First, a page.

Total Pageviews

Tuesday, February 25, 2014


The draw for the qualifying rounds of Euro 2016 was made on 23/2/14 in the opulent surroundings of the Palais de Congrès Acropolis in the French city of Nice; as hosts of the final stages of the competition, France were not included in the qualifying draw, but the rest of the 54 member associations of UEFA found their names in the hat.

The draw ushered in a new era for international football in Europe in some ways, and it was also the first time that Gibraltar have been included in a draw at senior level. Perhaps a more relevant aspect for many was the fact that the final stages of Euro 2016 shall involve 24 teams instead of the 16 who qualified last time out; whether this shall be a good thing shall become more apparent through time. 

The nine group winners plus the nine group runners-up and the best third-placed team will qualify directly for the final stages of the tournament, which will run from 10/6/14-10/7/14; the other eight third-placed teams will enter into four two-legged play-offs.

UEFA have also made a further tweak to the international football calendar by introducing what they call the "Week of Football," which will see Euro 2016 qualifiers being played from Thursday to Tuesday instead of Tuesdays and Saturday, and which shall doubtless see yet more inconvenience for supporters as well as reams of players being absent from league action in a number of countries because of international duty. Oh, for the good old days of international fixtures being played on a Wednesday evening, which was the norm for many years..

Eight of the groups (Groups A-H) shall involve six teams each, whilst Group I shall see five teams in action. Interestingly, France, who are to host Euro 2016, shall be playing what the UEFA website describes as "centralised friendlies" against each of the teams in Group I.

Ireland, Scotland and débutants Gibraltar all feature in a very intriguing Group D alongside Poland, Georgia and red-hot favourites Germany. Gibraltar shall be playing all of their home games at the Estádio Algarve in the Portuguese town of Faro as their new Europa Point Stadium is not scheduled to be ready for action until 2016.

National team manager Allen Bula had been hoping to host England in their group, but Ireland, Scotland and Germany should bring large contingents of supporters with them to the Algarve.
It will be interesting to see how Gibraltar get on; they are, unfortunately, already attracting the same negative comments as San Marino. That is hardly fair on the Gibraltarians; after all, they have only played one UEFA-recognised international so far, a commendable 0:0 against Slovakia in Faro last November. Germany, meanwhile, should win the group, even allowing for their occasionally frail defence; the question is: Who shall finish second and qualify directly along with Joachim Löw's team?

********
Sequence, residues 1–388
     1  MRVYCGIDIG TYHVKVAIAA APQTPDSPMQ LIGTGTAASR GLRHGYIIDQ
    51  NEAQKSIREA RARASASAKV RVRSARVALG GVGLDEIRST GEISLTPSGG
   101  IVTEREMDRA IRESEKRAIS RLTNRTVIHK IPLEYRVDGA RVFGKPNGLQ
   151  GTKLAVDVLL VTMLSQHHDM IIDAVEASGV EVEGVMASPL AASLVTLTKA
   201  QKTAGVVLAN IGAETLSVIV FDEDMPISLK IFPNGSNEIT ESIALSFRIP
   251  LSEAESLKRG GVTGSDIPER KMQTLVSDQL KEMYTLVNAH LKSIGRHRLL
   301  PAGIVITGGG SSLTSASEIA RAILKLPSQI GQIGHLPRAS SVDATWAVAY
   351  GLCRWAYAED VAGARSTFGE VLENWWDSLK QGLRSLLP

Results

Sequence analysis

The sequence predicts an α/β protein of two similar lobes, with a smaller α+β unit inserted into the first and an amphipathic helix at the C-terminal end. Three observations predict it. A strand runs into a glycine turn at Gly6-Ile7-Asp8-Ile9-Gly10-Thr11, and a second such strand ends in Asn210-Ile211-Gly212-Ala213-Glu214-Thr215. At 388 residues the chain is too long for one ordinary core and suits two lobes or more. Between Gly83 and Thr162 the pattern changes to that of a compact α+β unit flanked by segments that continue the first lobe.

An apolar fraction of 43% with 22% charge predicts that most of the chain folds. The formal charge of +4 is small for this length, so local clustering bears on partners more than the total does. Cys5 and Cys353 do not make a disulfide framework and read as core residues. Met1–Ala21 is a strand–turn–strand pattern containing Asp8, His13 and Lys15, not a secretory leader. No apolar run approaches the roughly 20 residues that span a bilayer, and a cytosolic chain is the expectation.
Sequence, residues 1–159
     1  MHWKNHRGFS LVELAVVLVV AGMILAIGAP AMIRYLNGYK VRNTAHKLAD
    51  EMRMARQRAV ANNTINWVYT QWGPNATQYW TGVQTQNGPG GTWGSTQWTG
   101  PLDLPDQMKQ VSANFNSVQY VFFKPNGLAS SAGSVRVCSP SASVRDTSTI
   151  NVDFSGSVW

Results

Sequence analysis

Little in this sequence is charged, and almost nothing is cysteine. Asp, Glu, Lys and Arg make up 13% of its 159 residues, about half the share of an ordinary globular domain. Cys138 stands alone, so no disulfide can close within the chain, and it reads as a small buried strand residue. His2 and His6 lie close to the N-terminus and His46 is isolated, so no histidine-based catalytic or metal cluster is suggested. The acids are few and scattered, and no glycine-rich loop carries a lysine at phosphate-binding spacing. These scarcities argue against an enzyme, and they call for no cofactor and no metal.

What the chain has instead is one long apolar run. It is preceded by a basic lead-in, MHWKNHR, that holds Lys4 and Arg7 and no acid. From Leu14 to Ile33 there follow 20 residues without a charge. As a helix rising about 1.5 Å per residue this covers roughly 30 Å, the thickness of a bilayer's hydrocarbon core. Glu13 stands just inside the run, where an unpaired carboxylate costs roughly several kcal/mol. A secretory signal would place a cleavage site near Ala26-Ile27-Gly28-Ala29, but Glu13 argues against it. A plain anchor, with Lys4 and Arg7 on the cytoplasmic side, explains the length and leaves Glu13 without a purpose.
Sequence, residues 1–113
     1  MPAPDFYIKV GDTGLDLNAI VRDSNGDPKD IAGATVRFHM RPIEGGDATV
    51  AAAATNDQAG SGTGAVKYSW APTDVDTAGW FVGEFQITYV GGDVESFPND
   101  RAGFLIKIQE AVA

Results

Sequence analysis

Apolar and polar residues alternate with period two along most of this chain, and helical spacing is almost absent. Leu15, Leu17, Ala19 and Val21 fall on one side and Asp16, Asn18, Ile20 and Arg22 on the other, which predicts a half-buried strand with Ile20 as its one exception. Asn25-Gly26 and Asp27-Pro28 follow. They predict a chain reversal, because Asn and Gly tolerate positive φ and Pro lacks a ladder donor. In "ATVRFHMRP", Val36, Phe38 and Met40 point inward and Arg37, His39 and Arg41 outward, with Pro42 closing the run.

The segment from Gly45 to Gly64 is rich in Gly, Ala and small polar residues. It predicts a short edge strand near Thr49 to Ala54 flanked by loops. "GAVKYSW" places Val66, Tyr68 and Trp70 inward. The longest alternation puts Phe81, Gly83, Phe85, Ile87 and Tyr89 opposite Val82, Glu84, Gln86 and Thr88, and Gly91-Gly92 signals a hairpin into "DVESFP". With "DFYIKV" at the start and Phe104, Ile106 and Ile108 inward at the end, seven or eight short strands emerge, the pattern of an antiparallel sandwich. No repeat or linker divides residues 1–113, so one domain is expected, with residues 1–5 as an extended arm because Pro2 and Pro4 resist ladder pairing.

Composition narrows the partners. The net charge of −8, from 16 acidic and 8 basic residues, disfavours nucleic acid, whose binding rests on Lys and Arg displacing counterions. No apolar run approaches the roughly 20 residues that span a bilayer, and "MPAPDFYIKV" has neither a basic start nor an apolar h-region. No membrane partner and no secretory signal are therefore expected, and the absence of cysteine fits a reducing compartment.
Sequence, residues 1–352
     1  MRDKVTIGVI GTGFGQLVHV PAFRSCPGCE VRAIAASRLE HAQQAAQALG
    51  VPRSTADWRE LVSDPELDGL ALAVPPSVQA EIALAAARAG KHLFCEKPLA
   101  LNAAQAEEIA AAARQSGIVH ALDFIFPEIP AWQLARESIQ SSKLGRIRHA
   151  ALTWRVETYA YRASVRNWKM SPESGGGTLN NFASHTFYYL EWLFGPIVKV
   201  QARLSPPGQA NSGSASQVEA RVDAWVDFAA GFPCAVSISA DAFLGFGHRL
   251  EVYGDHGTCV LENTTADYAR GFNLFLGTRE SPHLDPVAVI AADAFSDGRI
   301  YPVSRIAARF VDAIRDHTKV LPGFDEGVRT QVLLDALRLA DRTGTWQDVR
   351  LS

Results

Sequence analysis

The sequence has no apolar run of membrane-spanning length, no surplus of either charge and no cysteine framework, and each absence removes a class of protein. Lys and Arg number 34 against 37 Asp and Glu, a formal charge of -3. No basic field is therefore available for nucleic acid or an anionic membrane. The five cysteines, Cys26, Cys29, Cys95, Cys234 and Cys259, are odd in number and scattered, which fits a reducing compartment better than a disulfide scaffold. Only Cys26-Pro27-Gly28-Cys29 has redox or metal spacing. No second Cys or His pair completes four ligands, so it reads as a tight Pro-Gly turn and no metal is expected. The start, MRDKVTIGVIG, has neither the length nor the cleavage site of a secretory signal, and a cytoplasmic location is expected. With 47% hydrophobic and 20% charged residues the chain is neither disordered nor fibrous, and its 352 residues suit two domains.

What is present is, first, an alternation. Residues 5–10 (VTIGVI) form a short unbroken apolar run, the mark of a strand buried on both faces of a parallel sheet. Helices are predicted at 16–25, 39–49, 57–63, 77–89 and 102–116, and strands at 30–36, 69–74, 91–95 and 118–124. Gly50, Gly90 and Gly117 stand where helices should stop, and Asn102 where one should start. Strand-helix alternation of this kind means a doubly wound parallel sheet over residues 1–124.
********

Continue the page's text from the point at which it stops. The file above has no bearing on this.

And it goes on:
One country who shall be hosting England is San Marino, and supporters of La Serenissima should ready themselves for the usual tiresome diatribe featured in articles and social media comments containing otherworldly gems such as "pub team", "they shouldn't be in the competition" and "we can only beat what's in front of us."

England manager Roy Hodgson did at least pay them a compliment of sorts by calling them a "proper football team" and adding that "they realise that they can't compete at the highest level, but they try to play properly. That's probably why they concede so many goals, they don't play anti-football and try and stop their opponents playing." (Quote taken from the Daily Mirror.) 

Fingers crossed, then, for some improvement in San Marino's fortunes, though England should qualify from a group where their only really serious contenders for top spot are Switzerland; Slovenia, however, despite a horrendous 2014 World Cup qualifying campaign, should not be totally discounted.

Wales, meanwhile, have a list of tricky opponents in Group B: Belgium and Bosnia and Herzegovina, qualifiers for the 2014 World Cup and favourites to qualify directly again this time around, Israel, who may give the aforementioned countries a run for their money. Also in the group are Cyprus, whose fortunes are once again on the wane after a period of improvement at both club and international level, and Andorra, who are right down at the bottom of the UEFA rankings alongside San Marino, but who are a bit more difficult to crack open. Wales, now under Chris Coleman's management, may struggle; Gareth Bale alone does not a team make.

Northern Ireland might have an easier time of it in Group F against Greece, Finland, Hungary, Romania and the Faroe Islands, although wins away from home - yes, even against the Faroe Islands - will most probably be the scarcest of scarce things. They should be more than capable of picking up a few wins at home in a group featuring Euro 2004 winners Greece, against who they shall probably have the most difficult time, but none of the other four teams in the group are exactly world-beaters at this moment in time.  

This group could turn out to be this qualifying tournament's fabled "Group of Death", as most of the countries involved are pretty much of the same standard. The Faroes are capable of picking up a few points at home, and may surprise Finland, Northern Ireland and Hungary.